An overview of 50 years of African journalism, edited by Elizabeth Barratt and Guy Berger,  has been  published by the African Editors' Forum and two other media organisations. Wits University's Phakamisa Ndzamela reviews the book.
Phakamisa Ndzamela writes:

50 Years of Journalism: African media since Ghana’s independence gives an overview of the history and the present status of the media in Africa.

It is framed around the discussion of ownership of the media in Africa, political, socio-economic contexts and many other developments that influenced the operation of the media in colonial and post-independence Africa.

Each region of the continent is covered in a separate section beginning with an overview, and containing a collection of articles on “Characters, cases and causes”. Some regions get more attention than others.

The characters and struggles of some of Africa’s journalism heroes are well documented.  Among the people whose stories are told are Kenneth Best from Liberia, André Sibomana from Rwanda, William Dixon Colley from the Gambia, Lewis Odhiambo from Kenya and Sorious Samura, the Sierra Leonean journalist and film-maker who was a consultant for the film Blood Diamond.

The book paints a picture of how several problems inherited from the colonial era have come to threaten the health of the African media post independence. Although some of the problems that characterise our media today are of past origin, the book maintains a balance and notes that some of the threats “to the development of independent media and journalism in many parts of the continent today appear to include politicians, religious organisations and possibly commercial interests of dubious origin”.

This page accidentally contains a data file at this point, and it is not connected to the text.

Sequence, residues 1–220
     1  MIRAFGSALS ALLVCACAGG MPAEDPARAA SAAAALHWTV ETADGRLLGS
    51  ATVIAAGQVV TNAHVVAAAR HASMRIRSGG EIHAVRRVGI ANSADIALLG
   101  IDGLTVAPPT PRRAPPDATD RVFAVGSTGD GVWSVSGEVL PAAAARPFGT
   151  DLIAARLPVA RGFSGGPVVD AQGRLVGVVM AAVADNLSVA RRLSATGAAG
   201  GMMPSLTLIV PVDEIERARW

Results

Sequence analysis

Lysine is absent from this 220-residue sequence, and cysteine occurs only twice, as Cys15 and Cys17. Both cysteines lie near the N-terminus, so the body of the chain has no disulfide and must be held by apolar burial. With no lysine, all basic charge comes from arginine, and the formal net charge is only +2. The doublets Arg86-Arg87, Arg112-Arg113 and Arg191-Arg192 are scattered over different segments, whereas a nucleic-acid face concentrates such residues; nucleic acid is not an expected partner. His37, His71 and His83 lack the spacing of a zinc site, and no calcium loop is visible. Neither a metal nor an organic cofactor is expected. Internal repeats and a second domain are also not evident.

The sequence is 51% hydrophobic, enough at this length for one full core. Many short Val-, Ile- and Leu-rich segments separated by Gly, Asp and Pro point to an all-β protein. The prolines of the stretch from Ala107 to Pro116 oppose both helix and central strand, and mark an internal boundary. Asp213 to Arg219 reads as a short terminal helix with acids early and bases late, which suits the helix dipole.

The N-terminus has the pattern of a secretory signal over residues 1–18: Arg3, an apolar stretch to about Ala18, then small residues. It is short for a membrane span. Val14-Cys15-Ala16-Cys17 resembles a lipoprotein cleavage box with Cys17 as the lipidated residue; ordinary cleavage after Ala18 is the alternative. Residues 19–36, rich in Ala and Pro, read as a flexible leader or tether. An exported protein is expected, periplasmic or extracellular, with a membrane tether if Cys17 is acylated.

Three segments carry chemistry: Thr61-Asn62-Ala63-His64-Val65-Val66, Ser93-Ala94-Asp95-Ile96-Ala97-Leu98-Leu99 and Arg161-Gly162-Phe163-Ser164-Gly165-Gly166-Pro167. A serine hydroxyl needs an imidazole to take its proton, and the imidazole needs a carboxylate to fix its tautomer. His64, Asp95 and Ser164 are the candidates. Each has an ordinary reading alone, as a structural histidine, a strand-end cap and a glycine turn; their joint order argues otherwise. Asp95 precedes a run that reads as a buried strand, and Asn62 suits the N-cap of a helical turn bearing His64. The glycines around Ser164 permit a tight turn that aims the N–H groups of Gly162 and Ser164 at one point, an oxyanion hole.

50 Years of Journalism also alludes to how foreign publications or media outlets have come to dominate at the expense of local media outlets. For instance, the SABC has come to develop a reach well beyond the borders of South Africa, even though its influence remains weaker than the BBC and other international media groups.

The book notes how the dominance of foreign media outlets in Africa has become a worrying factor. As a result many foreign owned media outlets have been accused of not being able to understand and articulate accurately the stories and cultures of Africa.

The book does not interrogate whether African media groups such as SABC are accurate and consistent in telling the real story about Africa, however. Sadly, the book does not robustly interrogate the question why foreign titles are so popular in Africa even though they are said to be inaccurate.

However, whether your interest is in journalism or not, 50 Years of Journalism will teach you a thing or two on how the African media has been framed in the past half century  since the independence of Ghana.

50 Years of Journalism: African media since Ghana’s independence, edited by Elizabeth Barratt and Guy Berger, is published by The African Editors’ Forum, Highway Africa and Media Foundation for West Africa.  Digital copies are available from the websites of these three groups.

* Phakamisa Ndzamela completed his Honours in journalism at Wits in 2007, and currently works on the campus newspaper Vuvuzela as an intern.